With the participation of scholars with diverse backgrounds, the ´Transnationalism and societal transformation in India´seminar aims at creating a space for fruitful discussion and multidisciplinary collaboration to touch on some of the following questions:
- What constitutes the core of social, political, or economic transformations in the Indian context nowadays?
- How are these processes influenced by and contribute to transnational mobilities of humans, ideas, policies, technologies, etc.?
- How is knowledge production entangled with these societal transformation processes and transnationalism?
- Considering the experiences, research findings, and lessons from India, how can/should we shape knowledge production for more sustainable and just futures?
The workshop is organized by TRANSIT in collaboration with the Global Innovation Network for Teaching and Learning (GINTL – India) and the Faculty of Education and Culture of Tampere University.
Time: Friday, Oct 14th, 2022, 10:00 AM to 12:30 PM (Helsinki time)
Venue: Onsite: TAU Virta 339. EDUs café. Åkerlundinkatu 5, 33014, Tampere, Finland. Online: Please fill in the REGISTRATION FORM. The Zoom Meeting link will be sent to online participants after registration.
10:00 – 10:10: Opening speeches
10:10 – 10:20: ´Lifestyle Migrants Searching for a Better Life in India.´ by Mari Korpela
10:20 – 10:30: ´Effect on Socio-economic conditions of inter-state migrant workers post COVID-19 pandemic and scope of intervention in India.´ by Kumar Sumit
10:40 – 10:50: ´Relevance and significance of indigenous knowledge.´ by Yukti Sharma
10:50 – 11:00: ´Open data governance in education – India as a case study.´ by Joyeeta Dey
11:10 – 11:20: ´Teacher education in India: Policy context, concerns, and transitions.´ by Gunjan Sharma
11:25 – 11:35: Break time
11:45 – 11:55: ´The role of the Nordic Center in India in supporting scholars working in India.´ by Christabel Royan
12:05 – 12:30: General discussion
´Lifestyle Migrants Searching for a Better Life in India.´
By Mari Korpela, Social Anthropologist, Faculty of Social Sciences, Tampere University, Finland
India is a land of opportunities. Some people are not, however, interested in economic or technological opportunities but search for a more meaningful and relaxed life. Lifestyle migration is a phenomenon whereby people from affluent countries move to India to search for a better quality of life. Some are interested in Indian spirituality or ancient culture whereas others embrace a countercultural lifestyle. This presentation outlines the phenomenon and discusses its preconditions and impacts. The presentation also shows how the discourses celebrated by the lifestyle migrants are circulating among local populations.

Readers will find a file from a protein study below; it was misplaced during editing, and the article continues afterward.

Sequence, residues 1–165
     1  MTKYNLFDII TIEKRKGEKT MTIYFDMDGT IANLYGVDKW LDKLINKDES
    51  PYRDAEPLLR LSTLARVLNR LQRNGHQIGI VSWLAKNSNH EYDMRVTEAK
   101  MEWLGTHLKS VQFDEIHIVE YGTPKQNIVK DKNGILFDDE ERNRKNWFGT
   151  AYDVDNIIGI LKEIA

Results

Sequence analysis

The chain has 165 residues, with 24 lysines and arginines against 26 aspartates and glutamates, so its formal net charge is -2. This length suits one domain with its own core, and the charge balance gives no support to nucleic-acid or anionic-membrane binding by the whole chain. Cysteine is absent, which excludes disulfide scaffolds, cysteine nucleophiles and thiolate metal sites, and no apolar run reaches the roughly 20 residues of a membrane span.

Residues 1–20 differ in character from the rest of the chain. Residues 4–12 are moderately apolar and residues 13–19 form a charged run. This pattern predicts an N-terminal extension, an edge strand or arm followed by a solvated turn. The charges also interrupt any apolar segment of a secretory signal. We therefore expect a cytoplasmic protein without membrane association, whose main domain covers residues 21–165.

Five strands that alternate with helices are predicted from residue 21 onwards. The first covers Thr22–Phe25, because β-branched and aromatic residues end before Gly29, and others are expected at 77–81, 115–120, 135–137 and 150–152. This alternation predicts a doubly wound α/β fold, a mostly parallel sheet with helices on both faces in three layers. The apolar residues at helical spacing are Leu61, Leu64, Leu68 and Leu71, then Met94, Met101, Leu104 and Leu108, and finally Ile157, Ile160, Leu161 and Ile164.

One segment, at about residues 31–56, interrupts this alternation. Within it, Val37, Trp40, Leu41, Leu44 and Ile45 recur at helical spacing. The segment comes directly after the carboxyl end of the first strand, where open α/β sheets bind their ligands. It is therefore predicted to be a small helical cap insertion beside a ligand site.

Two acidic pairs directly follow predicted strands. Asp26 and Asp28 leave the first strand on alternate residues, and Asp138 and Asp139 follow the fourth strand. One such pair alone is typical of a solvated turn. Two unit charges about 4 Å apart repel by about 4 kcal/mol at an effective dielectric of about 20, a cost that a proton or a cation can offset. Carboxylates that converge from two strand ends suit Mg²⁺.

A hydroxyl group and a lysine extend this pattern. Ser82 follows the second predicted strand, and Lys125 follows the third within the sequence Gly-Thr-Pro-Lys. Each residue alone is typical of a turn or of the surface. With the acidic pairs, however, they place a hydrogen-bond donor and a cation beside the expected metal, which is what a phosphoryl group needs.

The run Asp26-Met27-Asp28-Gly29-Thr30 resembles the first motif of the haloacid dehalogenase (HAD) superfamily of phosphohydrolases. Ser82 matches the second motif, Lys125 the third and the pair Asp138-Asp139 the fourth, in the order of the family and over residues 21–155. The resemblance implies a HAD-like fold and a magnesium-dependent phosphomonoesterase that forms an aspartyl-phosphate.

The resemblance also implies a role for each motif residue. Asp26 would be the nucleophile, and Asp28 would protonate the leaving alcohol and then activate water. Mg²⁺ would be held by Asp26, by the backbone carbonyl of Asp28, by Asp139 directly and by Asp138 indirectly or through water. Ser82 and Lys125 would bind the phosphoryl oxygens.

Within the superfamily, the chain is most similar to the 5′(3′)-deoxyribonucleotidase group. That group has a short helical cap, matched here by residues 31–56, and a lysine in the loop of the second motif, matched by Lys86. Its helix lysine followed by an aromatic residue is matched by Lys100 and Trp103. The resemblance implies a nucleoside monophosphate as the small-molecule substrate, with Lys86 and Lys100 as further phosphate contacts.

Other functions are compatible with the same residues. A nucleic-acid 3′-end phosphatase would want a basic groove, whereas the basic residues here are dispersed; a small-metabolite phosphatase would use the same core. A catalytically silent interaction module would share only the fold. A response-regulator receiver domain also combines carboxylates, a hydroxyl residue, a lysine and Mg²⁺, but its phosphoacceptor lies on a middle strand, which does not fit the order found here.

´Effect on Socio-economic conditions of inter-state migrant workers post COVID-19 pandemic and scope of intervention in India´
By Kumar Sumit, Assistant Professor, Department of Health Policy, Prasanna School of Public Health, India
Many people migrate from rural areas to cities, often across various Indian states, for better employment prospects. The Coronavirus pandemic has caused a massive economic crisis. Social distancing norms and frequent lockdown to deal with the pandemic have brought economic activity to a standstill. A massive exodus of migrant workers from cities to their native villages started in March 2020 and continues. Mental and financial issues due to job loss significantly impacted the socio-economic conditions of inter-state migrant workers. In the years to come, there will be serious ramifications in the absence of evidence-based interventions. Multi-sectoral coordination by engaging the central and state government authorities, prospective employers, and migrant worker’s unions can be one step forward in dealing with the situation.
´Relevance and significance of indigenous knowledge.´
By Yukti Sharma, Professor, Department of Education, University of Delhi, India
The presentation would discuss the relevance and indigenous knowledge specifically in the context of developing countries. It will be substantiated with the theoretical rationale for including indigenous knowledge in the formal curriculum. Specific cases and examples of Indian knowledge systems and practices will be cited from diverse micro contexts to establish the significance of the same in relation to the natural environment, particularly the plant resources.